Trump says he’s ‘very close’ to naming a new FBI director
WASHINGTON — US President Donald Trump said Thursday (May 18) that he is “very close” to naming a new FBI director to replace the one he fired more than a week ago and that former Connecticut Senator Joe Lieberman was among his top choices for the job.
Mr Lieberman was among four candidates Mr Trump interviewed at the White House on Wednesday.
“We’re very close to an FBI director,” Mr Trump said when asked about the search during an Oval Office appearance with Colombian President Juan Manuel Santos. Mr Trump said “soon” when asked how close he is to making an announcement.
Mr Trump leaves Friday afternoon on his first overseas trip as president, a four-country, five-stop tour that will keep him out of Washington for more than a week. He has said he could name a director before he departs.
The president also replied “he is” when asked whether Mr Lieberman is a top candidate for the position.
Mr Lieberman gave reporters a thumbs-up as he left the White House on Wednesday and said he and Mr Trump had a “good meeting”. Mr Trump interviewed three other potential FBI director candidates the same day: Former Oklahoma Governor Frank Keating, former top FBI official Richard McFeely and Mr Andrew McCabe. Mr McCabe was tapped to become acting director after Mr Trump dismissed Mr Comey on May 9.
The firing was sharply criticised because it came amid the bureau’s investigation into Russia’s meddling in last year’s presidential election.
“I cherish the FBI. It’s special,” Mr Trump said later Thursday at a joint news conference with Mr Santos. “All over the world, no matter where you go, the FBI is special.” He said the bureau hasn’t enjoyed “that special reputation” since during the presidential campaign.
Mr Trump also criticised Mr Comey for his performance during a recent appearance before Congress, and said Mr Comey’s replacement is “going to be outstanding”.
The Senate must confirm Mr Trump’s candidate for the job.
Senate Republicans praised Mr Lieberman, a Democrat turned independent, while Democrats were less effusive about their former colleague.
Senator Lindsey Graham, R-S.C., called Mr Lieberman a “pillar of credibility”. Senator John Cornyn of Texas, the No 2 Republican in the Senate, said Mr Lieberman “may be the only potential nominee that could get 100 votes that I know of. Everybody likes and respects Joe Lieberman.”
But several Democratic senators said during a caucus lunch Thursday that they would not support Mr Lieberman, according to a person familiar with the meeting who declined to be identified because the lunch was private.
Among their concerns was Mr Lieberman’s past praise of Mr Michael Flynn, Mr Trump’s first national security adviser, who was fired in February after misleading officials about his conversations with Russian officials. Mr Flynn has figured prominently in the FBI investigation into Russian interference into the election.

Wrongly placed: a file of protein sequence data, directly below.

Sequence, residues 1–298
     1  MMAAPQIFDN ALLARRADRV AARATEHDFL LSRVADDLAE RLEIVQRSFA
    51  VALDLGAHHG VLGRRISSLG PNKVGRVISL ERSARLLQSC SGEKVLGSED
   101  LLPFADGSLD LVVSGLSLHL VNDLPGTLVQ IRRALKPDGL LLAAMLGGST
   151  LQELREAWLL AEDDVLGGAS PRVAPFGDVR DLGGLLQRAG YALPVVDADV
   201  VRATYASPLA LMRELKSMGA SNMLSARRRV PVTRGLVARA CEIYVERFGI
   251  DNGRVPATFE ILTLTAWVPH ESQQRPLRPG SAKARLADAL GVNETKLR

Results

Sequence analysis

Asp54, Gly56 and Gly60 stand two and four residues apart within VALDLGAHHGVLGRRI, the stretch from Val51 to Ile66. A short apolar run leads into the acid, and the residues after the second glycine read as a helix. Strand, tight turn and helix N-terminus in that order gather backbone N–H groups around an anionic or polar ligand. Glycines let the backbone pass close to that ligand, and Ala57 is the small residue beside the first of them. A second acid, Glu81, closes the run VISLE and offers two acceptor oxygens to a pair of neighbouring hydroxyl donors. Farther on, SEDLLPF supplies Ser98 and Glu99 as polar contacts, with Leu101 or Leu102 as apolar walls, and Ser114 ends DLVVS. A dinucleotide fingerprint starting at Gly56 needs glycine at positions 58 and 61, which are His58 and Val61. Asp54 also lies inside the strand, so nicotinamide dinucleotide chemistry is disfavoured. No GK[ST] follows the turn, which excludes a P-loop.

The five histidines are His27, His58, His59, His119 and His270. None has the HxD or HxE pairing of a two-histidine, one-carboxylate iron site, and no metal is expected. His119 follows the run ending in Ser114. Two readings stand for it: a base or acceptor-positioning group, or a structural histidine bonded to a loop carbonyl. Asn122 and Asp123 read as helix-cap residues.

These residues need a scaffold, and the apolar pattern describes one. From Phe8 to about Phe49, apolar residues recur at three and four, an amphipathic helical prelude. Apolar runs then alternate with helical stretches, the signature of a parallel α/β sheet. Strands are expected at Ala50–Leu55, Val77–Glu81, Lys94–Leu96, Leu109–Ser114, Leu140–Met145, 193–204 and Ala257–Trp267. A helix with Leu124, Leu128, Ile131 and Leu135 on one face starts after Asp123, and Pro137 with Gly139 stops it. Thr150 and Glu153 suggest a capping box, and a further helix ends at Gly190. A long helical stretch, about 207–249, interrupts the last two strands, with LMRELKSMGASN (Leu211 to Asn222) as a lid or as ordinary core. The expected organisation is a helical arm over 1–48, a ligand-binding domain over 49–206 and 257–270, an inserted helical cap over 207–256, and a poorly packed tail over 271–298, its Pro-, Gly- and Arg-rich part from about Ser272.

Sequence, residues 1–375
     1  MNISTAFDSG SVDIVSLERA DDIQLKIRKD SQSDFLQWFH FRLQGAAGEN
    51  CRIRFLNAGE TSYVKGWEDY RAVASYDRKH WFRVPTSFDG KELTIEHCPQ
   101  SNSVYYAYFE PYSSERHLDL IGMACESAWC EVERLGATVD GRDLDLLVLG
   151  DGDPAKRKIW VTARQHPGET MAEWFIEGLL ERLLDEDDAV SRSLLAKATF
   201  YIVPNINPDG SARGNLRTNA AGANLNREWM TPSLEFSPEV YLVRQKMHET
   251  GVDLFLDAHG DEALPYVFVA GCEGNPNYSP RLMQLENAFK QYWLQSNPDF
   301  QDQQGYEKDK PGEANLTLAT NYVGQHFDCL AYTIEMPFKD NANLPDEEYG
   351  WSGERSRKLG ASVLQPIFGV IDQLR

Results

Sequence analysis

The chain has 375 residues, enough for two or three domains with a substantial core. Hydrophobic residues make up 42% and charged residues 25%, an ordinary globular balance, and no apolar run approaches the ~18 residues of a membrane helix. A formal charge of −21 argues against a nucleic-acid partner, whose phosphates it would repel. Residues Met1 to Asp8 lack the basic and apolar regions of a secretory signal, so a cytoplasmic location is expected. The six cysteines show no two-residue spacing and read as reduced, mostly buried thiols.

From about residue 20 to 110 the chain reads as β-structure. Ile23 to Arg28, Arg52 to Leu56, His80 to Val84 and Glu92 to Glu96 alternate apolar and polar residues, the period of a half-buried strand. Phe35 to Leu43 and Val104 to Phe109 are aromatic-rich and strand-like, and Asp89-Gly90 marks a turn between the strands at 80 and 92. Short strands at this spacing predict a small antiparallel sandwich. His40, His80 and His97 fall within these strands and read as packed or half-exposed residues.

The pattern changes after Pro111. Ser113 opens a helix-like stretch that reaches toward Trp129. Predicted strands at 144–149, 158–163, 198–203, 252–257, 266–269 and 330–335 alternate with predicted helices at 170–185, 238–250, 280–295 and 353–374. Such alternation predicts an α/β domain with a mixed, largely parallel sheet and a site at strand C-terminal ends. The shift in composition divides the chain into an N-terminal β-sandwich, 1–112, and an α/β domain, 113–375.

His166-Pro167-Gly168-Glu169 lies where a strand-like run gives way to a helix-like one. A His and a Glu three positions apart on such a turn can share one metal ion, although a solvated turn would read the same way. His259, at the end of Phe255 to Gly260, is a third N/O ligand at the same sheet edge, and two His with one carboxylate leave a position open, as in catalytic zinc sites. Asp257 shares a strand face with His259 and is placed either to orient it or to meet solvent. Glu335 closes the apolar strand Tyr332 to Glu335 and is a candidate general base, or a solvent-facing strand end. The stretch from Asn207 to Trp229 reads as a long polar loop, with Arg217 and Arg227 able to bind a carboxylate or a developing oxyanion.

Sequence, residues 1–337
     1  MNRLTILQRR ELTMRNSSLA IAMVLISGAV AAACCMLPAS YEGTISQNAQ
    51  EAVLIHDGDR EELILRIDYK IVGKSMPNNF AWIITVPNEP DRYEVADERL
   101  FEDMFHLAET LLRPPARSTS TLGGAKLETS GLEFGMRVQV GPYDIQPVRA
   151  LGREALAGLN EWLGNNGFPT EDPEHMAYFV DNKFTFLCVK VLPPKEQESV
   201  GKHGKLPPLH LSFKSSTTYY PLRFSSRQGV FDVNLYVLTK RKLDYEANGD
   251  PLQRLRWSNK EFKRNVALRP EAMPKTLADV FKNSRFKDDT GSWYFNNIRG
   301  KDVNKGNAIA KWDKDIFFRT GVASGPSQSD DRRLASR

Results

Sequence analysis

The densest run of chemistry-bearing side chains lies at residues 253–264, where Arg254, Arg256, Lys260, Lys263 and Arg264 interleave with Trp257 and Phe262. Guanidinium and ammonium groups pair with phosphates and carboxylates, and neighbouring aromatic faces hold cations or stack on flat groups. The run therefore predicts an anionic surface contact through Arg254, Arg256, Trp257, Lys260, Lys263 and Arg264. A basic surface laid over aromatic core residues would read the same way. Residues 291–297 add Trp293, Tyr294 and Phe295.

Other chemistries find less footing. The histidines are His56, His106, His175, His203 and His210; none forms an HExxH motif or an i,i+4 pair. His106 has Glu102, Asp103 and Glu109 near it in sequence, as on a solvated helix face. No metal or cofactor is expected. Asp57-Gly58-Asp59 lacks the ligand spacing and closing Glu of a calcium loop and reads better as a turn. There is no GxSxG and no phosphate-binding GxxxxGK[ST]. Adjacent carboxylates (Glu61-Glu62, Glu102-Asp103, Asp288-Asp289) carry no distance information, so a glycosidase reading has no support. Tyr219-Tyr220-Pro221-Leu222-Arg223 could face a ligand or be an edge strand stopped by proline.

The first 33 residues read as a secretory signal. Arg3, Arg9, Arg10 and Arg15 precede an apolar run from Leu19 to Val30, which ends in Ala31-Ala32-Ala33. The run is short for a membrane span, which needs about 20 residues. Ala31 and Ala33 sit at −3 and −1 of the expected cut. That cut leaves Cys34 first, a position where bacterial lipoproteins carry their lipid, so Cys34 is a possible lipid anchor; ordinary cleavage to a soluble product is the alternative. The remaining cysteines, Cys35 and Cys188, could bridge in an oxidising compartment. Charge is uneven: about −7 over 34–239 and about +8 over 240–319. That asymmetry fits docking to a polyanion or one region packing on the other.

A Nov 25 news release from Mr Trump’s transition team quoted Mr Lieberman praising Mr Trump’s selection of Mr K T McFarland as deputy national security adviser. Mr Lieberman added that Mr McFarland “and General Mike Flynn will form a very strong leadership team at the National Security Council”.
Ms Neera Tanden, president of the Centre for American Progress, a Democratic think tank, also opposes Mr Lieberman, saying he lacks law enforcement experience and is close to Attorney General Jeff Sessions, a former US senator. Mr Lieberman testified in support of Mr Sessions at his January confirmation hearing.
Mr Lieberman served in the Senate for more than two decades and was the Democratic vice presidential nominee in 2000 with Al Gore, then the sitting vice president. Mr Lieberman lost his 2006 Democratic primary bid but won Senate re-election as a third-party candidate.
Mr Lieberman spoke at the 2008 Republican National Convention on behalf of his friend, Arizona Senator John McCain, and did not seek re-election in 2012. He has served as co-chairman of No Labels, a centrist group that promotes bipartisanship.
Mr Keating, a Republican, was a two-term governor of Oklahoma and led the state during the deadly 1995 bombing of a federal building in Oklahoma City. A former FBI agent, Mr Keating served in the administrations of Presidents Ronald Reagan and George H W Bush.
Mr Keating, a former FBI agent, told The Oklahoman he does not expect to be chosen.
“If they wanted me, I certainly would be honoured, but I really don’t think that’s going to happen,” Mr Keating, 73, told the newspaper after his interview.
Mr McCabe, a veteran FBI official, made headlines for congressional testimony last week that rejected White House claims that Mr Comey had lost the support of rank-and-file agents. He also disputed the administration’s characterisation of the investigation into potential coordination between Russia and Trump associates.
Several candidates have withdrawn from consideration: Representative Trey Gowdy of South Carolina and Senator John Cornyn of Texas, both Republicans; Ms Alice Fisher, the former head of the Justice Department’s criminal division; and Mr Michael Garcia, a former US attorney from Manhattan. AP